First turbaned Sikh since 1981 completes US Army training

First turbaned Sikh since 1981 completes US Army training


US Army Capt Tejdeep Singh Rattan with other graduates during a graduation ceremony in San Antonio. AP

Rattan, a dentist by profession, graduated from Fort Sam Houston in San Antonio, Texas making him the first Sikh officer in a generation to complete the basic training with his turban and beard intact.

"I am overjoyed to serve my country, work with my fellow soldiers, and to have completed basic training," said Rattan.

"Most importantly, in preparation for my work as a soldier, I was able to successfully complete all aspects of my initial training. I had an overwhelmingly positive experience. I am very thankful to the base command, Army leadership, and my fellow soldiers. I look forward to continuing to serve my country," he said.

Recruited to join the Army's Health Professions Scholarship Program several years ago, Captain Rattan maintained his turban throughout his dental education.
However, after completing his education, he was told that he must remove his religiously-mandated turban and unshorn hair before he began active duty.

Last April, he submitted a request to the Army asking that he be allowed to maintain his turban and beard while serving the Army. In December, the Army granted his request.
Contrary to the concerns of some, Captain Rattan was able to meet all requirements of a solider during basic training, said a statement issued by the Sikh Coalition, which took up the issue of Sikhs joining the US Army with their religious identity intact.

During training Capt Rattan wore a helmet over a small turban during field exercises. During gas mask exercises, he successfully created a seal. He also built strong bonds with the soldiers in his platoon.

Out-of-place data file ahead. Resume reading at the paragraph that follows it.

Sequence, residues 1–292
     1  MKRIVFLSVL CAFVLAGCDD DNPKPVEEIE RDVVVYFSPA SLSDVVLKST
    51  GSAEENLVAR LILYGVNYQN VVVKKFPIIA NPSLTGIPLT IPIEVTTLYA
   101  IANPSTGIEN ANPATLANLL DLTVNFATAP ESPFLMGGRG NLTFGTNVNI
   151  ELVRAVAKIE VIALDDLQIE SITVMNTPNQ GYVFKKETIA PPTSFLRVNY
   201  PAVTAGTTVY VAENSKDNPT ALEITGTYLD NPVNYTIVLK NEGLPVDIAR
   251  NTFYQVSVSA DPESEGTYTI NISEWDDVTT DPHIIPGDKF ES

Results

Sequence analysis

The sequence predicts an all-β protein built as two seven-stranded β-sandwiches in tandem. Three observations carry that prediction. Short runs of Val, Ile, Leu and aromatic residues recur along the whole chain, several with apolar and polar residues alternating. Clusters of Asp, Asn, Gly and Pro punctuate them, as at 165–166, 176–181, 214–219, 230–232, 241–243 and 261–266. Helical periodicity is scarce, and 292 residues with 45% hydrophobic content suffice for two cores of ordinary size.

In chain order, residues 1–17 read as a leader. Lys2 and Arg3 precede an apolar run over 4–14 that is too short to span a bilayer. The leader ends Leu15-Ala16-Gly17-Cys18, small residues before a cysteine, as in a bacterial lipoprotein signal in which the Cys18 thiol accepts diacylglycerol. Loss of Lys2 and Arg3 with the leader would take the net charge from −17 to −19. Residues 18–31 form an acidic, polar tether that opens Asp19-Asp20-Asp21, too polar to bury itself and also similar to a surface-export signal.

"We are pleased to learn that Tejdeep's experience demonstrates that Sikh service in the US Army meets military necessity," said Harsimran Kaur, Legal Director, Sikh Coalition.
"Turbaned Sikhs previously served the United States' military with distinction in every major armed conflict over the past 100 years.

"While it is unfortunate that Sikhs were excluded from military for the past two decades, I hope we will soon turn a page and restore Sikh service in the US military," Kaur said.
In 1981, the Army banned "conspicuous" religious articles of faith for its service members. This included a ban on Sikh turbans and unshorn hair in the Army.

Noting that Sikhs freely serve in the militaries of the UK, Canada and India, and as the UN Peacekeepers, Kaur said: "Whether through Tejdeep's experience here in Fort Sam Houston or through the experience of hundreds of thousands of Sikh soldiers in militaries throughout the world, we know Sikhs are capable soldiers".
"We look forward to the day when the US Army again welcomes the service of all Sikhs.
Though Captain Rattan was successful in his requests, his accommodation applied only in his individual case.
The general policy disallowing Sikhs from maintaining their articles of faith in the military still remains in effect.

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